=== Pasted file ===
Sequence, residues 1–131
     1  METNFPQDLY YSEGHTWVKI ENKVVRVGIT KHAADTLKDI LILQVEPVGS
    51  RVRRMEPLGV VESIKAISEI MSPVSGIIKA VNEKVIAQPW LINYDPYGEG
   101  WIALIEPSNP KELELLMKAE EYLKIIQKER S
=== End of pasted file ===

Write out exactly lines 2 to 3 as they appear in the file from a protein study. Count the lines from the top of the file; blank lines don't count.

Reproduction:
     1  METNFPQDLY YSEGHTWVKI ENKVVRVGIT KHAADTLKDI LILQVEPVGS
    51  RVRRMEPLGV VESIKAISEI MSPVSGIIKA VNEKVIAQPW LINYDPYGEG